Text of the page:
Google’s Chrome is now the biggest browser in the world, with half the world using it as their default browser. But that doesn’t mean everyone is using it right. There is a lot more to Chrome than meets the eye.
This guide looks at the fundamentals of Google Chrome and the advantages you get when you use its features well. It is meant for the beginner who wants to explore what the world’s most popular web browser is all about.
So, let’s answer this first…
What Is Google Chrome?
Let’s get down to brass tacks. Google Chrome is a browser made by Google and offered as a free download for desktop and mobile devices. In this article, we will be talking about the desktop version, but it’s important to know about mobile to sync devices and access data.
Chrome is also the name of Google’s desktop operating system. It’s what you’ll find on Chromebooks, or you can even install it yourself. But Chrome OS is completely different from the Chrome browser.
Contrary to popular opinion, Google Chrome is not open source. It’s simply freeware. That said, Google released the source code it made Chrome from as a different open-source project called Chromium.
What’s the Difference Between Chrome and Chromium?
Chrome is Google’s end-product browser, complete with Google tools and services. Chromium is the open-source code that Chrome is based on. Chromium is also the name of the browser made with that open-source code.
In a nutshell, Google took Chromium and added more features to make Chrome. For example, Google loaded proprietary codecs like MP3 and H.264, added Flash, and has Google features like Translate and PDF viewer. With Chromium, you’ll need to manually add all those plug-ins.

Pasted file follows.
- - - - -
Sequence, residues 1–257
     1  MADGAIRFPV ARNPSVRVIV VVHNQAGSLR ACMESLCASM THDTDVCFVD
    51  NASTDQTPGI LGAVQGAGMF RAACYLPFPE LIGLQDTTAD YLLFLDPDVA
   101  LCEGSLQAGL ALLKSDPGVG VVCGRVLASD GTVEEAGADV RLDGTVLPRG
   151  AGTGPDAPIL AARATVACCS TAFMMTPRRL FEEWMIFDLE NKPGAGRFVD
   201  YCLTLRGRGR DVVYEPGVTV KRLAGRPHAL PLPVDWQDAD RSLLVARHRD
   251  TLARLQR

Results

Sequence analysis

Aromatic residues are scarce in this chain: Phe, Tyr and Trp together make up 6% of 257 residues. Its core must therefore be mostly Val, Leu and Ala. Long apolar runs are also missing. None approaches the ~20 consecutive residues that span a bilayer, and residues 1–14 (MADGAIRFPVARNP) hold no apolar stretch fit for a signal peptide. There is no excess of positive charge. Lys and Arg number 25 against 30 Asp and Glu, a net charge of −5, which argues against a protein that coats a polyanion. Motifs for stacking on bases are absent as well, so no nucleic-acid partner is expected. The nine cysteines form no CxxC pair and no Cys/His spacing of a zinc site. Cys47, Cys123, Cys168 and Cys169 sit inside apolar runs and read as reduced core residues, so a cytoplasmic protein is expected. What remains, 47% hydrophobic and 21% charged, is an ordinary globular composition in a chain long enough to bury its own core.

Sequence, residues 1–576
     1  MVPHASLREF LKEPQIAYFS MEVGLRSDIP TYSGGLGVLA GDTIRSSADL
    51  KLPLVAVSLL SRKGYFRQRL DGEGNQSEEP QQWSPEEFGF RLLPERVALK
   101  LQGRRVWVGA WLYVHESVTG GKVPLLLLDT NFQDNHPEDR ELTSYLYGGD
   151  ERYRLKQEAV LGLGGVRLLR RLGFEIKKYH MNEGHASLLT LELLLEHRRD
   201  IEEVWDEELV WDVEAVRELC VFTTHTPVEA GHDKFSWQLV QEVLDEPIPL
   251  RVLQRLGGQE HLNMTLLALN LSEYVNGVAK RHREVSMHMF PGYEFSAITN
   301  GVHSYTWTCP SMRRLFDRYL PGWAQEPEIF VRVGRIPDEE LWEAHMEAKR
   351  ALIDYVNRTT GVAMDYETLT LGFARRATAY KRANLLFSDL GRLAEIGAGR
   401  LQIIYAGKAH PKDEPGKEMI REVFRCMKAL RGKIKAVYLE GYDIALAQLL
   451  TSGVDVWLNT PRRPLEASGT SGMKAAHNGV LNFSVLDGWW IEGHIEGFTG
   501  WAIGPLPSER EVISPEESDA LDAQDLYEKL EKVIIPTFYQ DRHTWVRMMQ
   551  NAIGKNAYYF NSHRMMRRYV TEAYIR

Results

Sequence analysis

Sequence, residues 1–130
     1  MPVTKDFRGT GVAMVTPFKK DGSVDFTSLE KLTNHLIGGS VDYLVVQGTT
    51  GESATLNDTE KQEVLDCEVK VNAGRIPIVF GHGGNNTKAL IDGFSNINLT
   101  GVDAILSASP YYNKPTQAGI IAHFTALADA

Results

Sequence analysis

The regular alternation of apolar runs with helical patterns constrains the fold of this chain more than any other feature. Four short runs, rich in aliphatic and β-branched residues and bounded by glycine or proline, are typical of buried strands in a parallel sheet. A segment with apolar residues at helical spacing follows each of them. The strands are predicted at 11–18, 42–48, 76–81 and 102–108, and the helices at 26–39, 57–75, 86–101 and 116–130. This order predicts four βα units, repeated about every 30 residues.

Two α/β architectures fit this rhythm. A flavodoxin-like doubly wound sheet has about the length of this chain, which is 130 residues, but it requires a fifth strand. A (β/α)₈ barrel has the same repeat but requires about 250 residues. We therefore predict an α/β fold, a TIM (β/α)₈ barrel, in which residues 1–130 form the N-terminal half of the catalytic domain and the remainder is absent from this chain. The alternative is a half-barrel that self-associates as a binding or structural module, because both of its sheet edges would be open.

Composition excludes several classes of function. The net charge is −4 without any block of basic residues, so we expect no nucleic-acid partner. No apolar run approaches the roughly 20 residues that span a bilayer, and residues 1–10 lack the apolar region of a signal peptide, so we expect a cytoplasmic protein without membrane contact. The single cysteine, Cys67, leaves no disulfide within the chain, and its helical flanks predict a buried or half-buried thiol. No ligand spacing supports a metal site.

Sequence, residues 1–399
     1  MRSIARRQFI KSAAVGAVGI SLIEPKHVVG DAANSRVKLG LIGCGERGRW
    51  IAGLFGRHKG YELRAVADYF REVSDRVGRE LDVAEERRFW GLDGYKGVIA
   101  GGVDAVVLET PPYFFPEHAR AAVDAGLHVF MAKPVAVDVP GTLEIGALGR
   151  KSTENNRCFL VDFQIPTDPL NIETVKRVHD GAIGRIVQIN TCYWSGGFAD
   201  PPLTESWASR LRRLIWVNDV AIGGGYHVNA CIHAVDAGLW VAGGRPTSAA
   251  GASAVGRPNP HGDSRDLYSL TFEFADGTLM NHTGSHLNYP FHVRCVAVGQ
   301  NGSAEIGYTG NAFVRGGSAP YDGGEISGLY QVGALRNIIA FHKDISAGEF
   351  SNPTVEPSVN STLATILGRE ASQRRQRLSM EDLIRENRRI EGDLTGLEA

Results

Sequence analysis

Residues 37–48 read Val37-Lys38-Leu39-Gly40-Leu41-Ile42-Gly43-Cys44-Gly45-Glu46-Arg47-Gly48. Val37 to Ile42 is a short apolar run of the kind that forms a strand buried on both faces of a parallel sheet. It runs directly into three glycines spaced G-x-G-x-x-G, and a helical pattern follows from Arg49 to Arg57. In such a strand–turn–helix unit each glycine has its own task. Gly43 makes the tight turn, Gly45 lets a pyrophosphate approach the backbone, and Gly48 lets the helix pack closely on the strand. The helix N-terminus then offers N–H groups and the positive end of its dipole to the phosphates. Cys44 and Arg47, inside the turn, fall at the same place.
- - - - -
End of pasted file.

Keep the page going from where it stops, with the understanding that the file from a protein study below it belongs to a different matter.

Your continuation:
But all things considered, the difference is minor. You can easily use Chromium instead of Chrome without ever realizing the difference.
What are the Advantages of Chrome?
So what has got so many people using Chrome instead of other browsers? There are a few advantages that set Chrome apart from the rest.
- Speed and Performance: In our mega comparison of popular browsers, Chrome was objectively the fastest. True to form, Chrome is also primed for new web technologies like HTML5.
- Fast Startup: When you click the browser icon, the Chrome browser starts almost instantly. With other browsers, you’ll likely have to wait a few seconds.
- Security: Chrome treats each tab as a separate process so that a crash in one tab doesn’t bring down the whole browser. Plus, the whole browser is sandboxed, so malware can’t affect your computer unless you actively click on it.
- Extensions: Since it’s the biggest browser, developers like to make extensions for Chrome. And that has led to a massive extension library, which can add almost any feature you want.
The Google Advantage
Since it’s made by Google, Chrome offers a few Google features that make it amazing. Having access to these Google services as part of the built-in browser experience is a convenience that’s hard to explain.